YouTube’s copyright strikes have become a tool for extortion

"“But that’s not the world we live in in 2019,” says Annemarie Bridy, a University of Idaho law professor specializing in copyright. “It’s a statute from a more innocent, optimistic era in the history of the Internet.”

As Bridy put it, the problem is incentives: YouTube has a lot more to lose from angry copyright-holders than angry users. Movie reviewers on the platform who have found their channels bombarded with copyright strikes from Universal Pictures, for example, after including clips or stills from a particular Universal film in their reviews. Even after claiming that these clips were protected as fair use, some found that YouTube ultimately sided with the company rather than the creators.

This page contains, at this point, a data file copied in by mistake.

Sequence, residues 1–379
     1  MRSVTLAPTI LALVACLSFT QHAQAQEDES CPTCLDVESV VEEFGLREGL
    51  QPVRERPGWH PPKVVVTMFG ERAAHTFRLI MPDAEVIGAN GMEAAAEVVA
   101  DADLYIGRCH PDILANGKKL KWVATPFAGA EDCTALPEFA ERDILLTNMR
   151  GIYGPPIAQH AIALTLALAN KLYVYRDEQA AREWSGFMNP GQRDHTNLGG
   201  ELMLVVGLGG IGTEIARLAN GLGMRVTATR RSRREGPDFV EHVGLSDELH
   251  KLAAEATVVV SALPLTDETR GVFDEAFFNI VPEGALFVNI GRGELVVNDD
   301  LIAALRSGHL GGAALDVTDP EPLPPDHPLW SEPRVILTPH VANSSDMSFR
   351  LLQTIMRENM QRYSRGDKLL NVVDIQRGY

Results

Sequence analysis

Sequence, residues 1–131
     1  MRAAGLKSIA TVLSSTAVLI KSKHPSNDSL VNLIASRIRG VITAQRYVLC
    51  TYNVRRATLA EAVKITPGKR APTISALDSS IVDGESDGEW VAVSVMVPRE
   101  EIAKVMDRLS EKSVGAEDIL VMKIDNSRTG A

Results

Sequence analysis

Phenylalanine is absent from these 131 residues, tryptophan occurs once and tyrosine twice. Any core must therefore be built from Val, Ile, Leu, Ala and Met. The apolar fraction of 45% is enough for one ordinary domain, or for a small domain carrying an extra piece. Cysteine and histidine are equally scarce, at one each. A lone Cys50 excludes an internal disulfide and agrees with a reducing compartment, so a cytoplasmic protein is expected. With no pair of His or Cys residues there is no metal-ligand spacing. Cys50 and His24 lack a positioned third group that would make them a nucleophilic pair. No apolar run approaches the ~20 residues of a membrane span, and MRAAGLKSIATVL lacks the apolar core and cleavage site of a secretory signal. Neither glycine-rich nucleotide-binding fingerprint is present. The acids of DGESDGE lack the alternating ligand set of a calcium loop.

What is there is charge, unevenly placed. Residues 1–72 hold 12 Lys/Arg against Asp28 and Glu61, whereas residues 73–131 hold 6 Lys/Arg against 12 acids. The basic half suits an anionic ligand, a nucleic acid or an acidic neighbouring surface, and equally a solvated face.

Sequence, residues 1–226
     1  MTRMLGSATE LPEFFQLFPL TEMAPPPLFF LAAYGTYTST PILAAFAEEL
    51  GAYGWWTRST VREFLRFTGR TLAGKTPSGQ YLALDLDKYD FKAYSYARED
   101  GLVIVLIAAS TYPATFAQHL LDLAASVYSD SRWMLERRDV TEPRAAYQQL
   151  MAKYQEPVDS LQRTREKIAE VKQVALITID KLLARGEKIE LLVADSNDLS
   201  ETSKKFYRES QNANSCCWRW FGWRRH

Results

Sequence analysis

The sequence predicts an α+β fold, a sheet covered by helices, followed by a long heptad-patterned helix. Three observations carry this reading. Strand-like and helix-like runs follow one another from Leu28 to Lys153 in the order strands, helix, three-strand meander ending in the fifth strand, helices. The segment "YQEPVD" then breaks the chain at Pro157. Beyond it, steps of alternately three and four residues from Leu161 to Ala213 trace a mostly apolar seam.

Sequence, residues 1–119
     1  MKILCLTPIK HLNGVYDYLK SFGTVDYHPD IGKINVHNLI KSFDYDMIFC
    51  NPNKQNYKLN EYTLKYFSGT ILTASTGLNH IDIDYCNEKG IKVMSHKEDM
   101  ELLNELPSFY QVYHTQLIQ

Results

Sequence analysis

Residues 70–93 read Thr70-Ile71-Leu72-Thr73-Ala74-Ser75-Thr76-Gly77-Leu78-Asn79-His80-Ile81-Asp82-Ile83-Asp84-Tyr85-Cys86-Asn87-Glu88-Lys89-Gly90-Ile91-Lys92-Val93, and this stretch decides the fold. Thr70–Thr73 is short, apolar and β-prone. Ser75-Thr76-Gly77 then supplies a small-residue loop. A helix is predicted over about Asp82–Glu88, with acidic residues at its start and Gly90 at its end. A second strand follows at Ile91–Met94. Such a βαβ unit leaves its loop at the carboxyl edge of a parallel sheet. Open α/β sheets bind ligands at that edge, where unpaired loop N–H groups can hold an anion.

“It’s the little folks who get lost in the shuffle,” says Bridy. “That’s a shame, because it’s actually the accumulated little folks who make YouTube worthwhile.”"